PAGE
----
More on greed

February 25, 2005 at 5:39 am (Planning, Portland)

In 1974, Gov. Tom McCall signed Senate Bill 100, which established Oregon's innovative land use planning system. Drafted by rural legislators intent on saving farmland, Act 100 imposed several requirements on municipalities. Among them were comprehensive zoning and the establishment of Urban Growth Boundaries. All substantial development must occur within the UGB, and the UGB must be large enough to accommodate 20 years of expected growth. So in rural areas, with maybe a gas station and a general store, the urban growth area is very small, and there are entire counties (counties are big out here) zoned almost exclusively as farmland, forest, etc. It was a major accomplishment, and if you drive around Oregon you will see dense, pedestrian friendly cities and a notable lack of cookie-cutter subdivisions and strip malls. It is the best thing to ever happen to the state.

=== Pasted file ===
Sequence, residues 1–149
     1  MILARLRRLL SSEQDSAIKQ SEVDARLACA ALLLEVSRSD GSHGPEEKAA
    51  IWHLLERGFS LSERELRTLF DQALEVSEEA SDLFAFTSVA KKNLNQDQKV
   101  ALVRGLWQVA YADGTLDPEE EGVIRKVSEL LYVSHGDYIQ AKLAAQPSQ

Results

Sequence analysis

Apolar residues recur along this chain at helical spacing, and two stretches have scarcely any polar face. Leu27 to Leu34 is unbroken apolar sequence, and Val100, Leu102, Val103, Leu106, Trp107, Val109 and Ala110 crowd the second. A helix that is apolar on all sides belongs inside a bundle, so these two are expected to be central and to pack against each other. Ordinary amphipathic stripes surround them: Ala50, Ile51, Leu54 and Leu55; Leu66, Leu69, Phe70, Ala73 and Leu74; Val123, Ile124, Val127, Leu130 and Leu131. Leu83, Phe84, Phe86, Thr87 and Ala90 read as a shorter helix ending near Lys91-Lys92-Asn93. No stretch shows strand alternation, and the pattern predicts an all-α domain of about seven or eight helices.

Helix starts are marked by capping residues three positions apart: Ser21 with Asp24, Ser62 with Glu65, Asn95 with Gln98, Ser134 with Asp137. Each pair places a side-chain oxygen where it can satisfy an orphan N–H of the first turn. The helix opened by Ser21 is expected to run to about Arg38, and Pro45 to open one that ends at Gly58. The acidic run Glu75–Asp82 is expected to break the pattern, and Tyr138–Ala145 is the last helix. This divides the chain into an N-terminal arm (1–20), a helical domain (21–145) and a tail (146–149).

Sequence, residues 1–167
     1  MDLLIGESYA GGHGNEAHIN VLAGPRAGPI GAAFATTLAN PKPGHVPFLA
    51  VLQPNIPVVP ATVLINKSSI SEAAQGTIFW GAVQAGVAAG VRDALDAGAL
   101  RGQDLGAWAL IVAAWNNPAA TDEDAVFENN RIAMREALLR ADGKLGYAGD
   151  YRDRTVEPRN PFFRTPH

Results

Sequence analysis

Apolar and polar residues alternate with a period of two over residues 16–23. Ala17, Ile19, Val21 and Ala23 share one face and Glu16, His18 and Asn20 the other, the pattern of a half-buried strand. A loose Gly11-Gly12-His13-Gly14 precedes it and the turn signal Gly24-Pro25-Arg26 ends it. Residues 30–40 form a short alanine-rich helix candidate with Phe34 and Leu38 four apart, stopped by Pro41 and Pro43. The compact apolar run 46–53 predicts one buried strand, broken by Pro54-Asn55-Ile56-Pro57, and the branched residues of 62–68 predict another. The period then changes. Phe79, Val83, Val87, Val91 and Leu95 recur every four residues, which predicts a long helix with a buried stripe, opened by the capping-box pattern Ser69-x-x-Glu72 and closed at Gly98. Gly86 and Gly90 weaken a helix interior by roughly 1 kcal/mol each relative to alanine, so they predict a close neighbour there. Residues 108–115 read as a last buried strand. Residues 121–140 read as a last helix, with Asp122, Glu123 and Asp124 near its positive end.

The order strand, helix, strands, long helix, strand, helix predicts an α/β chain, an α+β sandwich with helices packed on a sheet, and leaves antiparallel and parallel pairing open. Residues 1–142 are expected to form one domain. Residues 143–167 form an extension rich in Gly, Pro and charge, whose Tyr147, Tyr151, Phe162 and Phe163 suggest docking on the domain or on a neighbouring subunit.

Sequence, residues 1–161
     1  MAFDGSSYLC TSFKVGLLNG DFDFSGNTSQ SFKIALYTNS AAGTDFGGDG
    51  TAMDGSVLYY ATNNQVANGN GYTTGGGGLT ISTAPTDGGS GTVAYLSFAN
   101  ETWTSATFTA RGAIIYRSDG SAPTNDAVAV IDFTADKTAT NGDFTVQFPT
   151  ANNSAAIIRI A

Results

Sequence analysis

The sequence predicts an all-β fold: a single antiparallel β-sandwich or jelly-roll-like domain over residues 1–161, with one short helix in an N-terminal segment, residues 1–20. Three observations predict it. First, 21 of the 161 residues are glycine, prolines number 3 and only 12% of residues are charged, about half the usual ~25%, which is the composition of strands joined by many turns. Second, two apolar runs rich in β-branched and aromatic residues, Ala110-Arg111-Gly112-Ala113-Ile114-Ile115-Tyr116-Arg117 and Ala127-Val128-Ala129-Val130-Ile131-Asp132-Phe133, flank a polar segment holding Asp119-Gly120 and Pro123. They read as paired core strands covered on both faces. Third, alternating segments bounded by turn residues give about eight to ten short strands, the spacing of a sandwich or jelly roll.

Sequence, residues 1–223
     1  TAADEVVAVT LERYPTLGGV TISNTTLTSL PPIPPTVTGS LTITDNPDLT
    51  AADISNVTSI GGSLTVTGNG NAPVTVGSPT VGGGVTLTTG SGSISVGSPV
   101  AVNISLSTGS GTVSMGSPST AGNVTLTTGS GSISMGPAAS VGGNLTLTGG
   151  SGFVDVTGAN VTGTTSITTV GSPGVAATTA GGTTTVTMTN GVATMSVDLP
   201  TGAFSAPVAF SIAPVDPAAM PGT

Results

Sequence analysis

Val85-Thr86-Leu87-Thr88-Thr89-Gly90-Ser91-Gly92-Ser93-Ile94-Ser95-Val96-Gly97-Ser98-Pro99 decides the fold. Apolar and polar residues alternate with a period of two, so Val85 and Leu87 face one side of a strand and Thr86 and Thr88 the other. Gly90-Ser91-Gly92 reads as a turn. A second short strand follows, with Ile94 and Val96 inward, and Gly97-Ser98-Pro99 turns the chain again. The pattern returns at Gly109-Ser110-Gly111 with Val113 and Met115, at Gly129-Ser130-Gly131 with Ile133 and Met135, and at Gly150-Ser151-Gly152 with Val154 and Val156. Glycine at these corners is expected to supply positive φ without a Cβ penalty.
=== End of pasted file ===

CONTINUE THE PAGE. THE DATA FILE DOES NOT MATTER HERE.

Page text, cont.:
A drawback should seem obvious. If I am a farmer who is retiring, and I want to divide up and sell my land to a developer, I can't. Well technically I could, but the developer couldn't do anything with it. This has become a particularly contentious point, especially among such civic-minded Oregonians as the CEOs of Target and Wal-mart. They were just outraged that I couldn't sell my farm…until now.
In November ballot measure 37 passed. It requires local governments to compensate land owners when regulations decrease property value, or waive the regulation. Sounds reasonable. But it is so broad that it applies to all zoning and land use regulations. There are a few exeptions, often for "moral" reasons: if I want to be gay in a county that is zoned exclusively Christian, I am out of luck. But if I want to open an aluminum smelter next to an elementary school in a residential neighborhood, goddammit that's my Constitutional right! ("LALALALA FREEDOM FREEDOM NINE ELEVEN" said the Republican representative with his fingers in his ears.)